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A company outsources—at least theoretically—to transfer work unrelated to its main business to contractors that specialize in those tasks.
Thus, if your company manufactures widgets, you might consider outsourcing your payroll duties to a company that knows the ins and outs of tax law, accounting and so forth. Dealing with just a single desktop computer can be extremely frustrating, and troubleshooting the problems can be downright infuriating.
But what about an entire room full of computers and other equipment? And who can pass up the promised cost savings?
The outsourcing options for data center services are almost as numerous as the ostensible benefits. Myriad service providers are ready to help you as far as you want to go: But the picture is not all rosy, as you probably guessed.
Data center outsourcing is a legitimate option for many companies, and it can be done successfully if carefully planned. Rushing headlong into sending all your IT resources into the cloud, with no thought for the potential pitfalls and hidden expenses, can be nigh on disastrous. Costs can quickly mount and thereby make the traditional in-house data center approach look much more appealing than it might have originally.
But if you are considering looking beyond your company for IT services, first consider the following risks and pitfalls that could hamper your transition.
These warnings may dissuade you from outsourcing, or they may simply help you outsource more successfully—the choice is yours!
This is a perennial concern of data center outsourcing. By allowing an outside party to provide your IT services, you are letting another group of individuals into the loop of your data and computer activities.
Although many service providers are scrupulous about securing their facilities—both physical and virtual—the risks still are present and, in some cases, are compounded. Data center service providers must provide all the usual security measures: But other security risks may be peculiar to these providers.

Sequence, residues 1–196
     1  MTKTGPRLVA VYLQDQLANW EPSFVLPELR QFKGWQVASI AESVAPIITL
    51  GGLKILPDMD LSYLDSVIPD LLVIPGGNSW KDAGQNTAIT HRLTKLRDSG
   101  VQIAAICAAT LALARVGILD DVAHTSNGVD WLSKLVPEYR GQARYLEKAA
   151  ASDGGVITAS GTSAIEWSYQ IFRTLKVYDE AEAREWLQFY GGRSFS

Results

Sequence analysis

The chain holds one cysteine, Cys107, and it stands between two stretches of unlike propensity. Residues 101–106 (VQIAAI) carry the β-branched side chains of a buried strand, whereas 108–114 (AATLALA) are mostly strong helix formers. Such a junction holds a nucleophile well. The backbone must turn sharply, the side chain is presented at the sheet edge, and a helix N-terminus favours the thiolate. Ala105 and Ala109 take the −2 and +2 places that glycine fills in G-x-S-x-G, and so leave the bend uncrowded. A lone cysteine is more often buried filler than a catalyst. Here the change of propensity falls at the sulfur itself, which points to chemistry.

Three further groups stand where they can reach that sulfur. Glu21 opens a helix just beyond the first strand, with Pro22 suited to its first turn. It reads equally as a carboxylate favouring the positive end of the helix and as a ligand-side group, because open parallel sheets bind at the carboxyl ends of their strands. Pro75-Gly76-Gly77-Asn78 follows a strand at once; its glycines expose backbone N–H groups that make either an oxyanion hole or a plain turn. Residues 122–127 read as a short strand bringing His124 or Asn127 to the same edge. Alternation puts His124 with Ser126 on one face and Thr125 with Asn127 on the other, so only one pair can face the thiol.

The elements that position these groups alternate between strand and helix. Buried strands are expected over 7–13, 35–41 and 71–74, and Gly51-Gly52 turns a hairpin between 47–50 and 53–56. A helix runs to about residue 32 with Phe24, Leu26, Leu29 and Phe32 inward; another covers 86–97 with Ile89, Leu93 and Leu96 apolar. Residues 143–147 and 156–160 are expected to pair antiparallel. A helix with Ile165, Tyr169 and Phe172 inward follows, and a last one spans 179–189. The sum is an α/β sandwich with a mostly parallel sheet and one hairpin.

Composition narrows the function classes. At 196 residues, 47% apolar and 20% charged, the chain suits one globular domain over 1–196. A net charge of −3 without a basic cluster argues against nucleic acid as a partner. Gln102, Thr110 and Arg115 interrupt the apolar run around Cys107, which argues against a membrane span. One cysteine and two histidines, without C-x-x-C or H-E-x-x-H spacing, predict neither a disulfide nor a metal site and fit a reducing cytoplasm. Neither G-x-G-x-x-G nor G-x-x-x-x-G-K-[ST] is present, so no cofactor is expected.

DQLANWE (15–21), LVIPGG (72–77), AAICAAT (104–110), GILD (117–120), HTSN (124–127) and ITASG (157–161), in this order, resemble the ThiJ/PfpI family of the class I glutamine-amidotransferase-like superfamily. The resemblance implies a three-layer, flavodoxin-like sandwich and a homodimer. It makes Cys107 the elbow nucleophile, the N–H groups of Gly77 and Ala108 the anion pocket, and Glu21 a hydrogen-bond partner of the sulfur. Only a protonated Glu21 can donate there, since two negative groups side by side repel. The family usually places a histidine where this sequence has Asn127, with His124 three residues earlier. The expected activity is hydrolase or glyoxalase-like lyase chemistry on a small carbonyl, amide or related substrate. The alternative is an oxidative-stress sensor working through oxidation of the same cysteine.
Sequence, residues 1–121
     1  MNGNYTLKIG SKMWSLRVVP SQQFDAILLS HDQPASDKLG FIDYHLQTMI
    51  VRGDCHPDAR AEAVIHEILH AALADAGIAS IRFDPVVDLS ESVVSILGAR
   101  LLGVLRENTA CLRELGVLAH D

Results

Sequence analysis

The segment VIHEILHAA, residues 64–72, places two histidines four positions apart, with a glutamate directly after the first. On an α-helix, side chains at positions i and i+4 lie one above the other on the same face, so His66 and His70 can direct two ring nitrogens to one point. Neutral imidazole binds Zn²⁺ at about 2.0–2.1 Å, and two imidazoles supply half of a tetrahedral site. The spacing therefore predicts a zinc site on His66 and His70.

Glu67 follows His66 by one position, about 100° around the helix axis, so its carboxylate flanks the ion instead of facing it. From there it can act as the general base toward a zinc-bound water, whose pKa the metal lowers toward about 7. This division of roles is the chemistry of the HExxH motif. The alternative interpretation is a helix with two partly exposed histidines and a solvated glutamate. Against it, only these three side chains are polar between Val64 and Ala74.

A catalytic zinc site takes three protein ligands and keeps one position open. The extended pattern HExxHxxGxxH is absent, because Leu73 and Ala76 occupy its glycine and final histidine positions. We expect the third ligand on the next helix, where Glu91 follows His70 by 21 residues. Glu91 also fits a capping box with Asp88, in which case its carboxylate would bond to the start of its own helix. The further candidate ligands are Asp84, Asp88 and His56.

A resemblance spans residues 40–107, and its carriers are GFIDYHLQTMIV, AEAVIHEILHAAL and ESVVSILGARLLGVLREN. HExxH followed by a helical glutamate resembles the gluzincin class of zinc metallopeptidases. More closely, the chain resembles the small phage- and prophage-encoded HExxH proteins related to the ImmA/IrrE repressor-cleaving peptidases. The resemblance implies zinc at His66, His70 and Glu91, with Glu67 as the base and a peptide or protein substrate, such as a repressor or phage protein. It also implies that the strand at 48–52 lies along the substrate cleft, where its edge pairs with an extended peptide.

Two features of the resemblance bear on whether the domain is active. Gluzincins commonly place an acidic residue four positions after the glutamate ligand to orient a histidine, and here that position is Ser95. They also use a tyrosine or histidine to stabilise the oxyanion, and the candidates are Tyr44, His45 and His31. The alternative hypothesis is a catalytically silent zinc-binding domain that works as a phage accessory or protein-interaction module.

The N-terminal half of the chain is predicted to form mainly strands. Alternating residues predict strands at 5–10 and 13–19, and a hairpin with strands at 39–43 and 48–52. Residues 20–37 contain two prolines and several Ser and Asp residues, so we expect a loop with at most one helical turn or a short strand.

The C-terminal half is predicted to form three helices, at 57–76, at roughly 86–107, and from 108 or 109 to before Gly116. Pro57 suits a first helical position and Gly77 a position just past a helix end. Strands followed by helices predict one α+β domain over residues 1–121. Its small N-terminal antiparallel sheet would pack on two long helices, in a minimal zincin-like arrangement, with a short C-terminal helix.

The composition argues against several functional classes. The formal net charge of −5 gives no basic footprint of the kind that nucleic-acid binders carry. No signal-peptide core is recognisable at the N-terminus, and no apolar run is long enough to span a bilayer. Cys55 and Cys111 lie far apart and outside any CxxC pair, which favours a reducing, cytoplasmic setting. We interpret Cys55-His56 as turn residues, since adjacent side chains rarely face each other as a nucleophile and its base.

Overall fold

For example, colocation providers may allow customers access to the data center—meaning that unless special precautions such as cages or locked cabinets are taken, your competitors or worse could see or access your equipment, compromising your data security.
Cloud computing in particular is plagued with concerns about security. A remote service provider, in this case, could be storing and processing your data, in addition to transferring it back and forth over public data infrastructure.
Although security measures may be in place VPNs, encryption and various other countermeasures against known avenues of attackthe opportunities for an enterprising hacker to gain access to your data are rife.
Virtualization also poses some risks, with applications from potentially numerous different customers all operating on the same server.Our Collection of VWR Brands. Quality Solutions, Designed with You as our Focus by a team and network of professionals with advanced degrees in science, quality control, engineering, manufacturing and industry experience.
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An important step in managing risk is analyzing the risks to be managed. This paper--authored by the individual responsible for managing risk at Ericsson Global Services (EGS)--explains EGS's risk an.
Areas of Risk for Data Center Outsourcing.
Data center service providers must provide all the usual security measures: physical site security, malware protection, data encryption, authenticated access and employee background checks, to name a few.
Risks of Outsourcing Your Data Center. next post.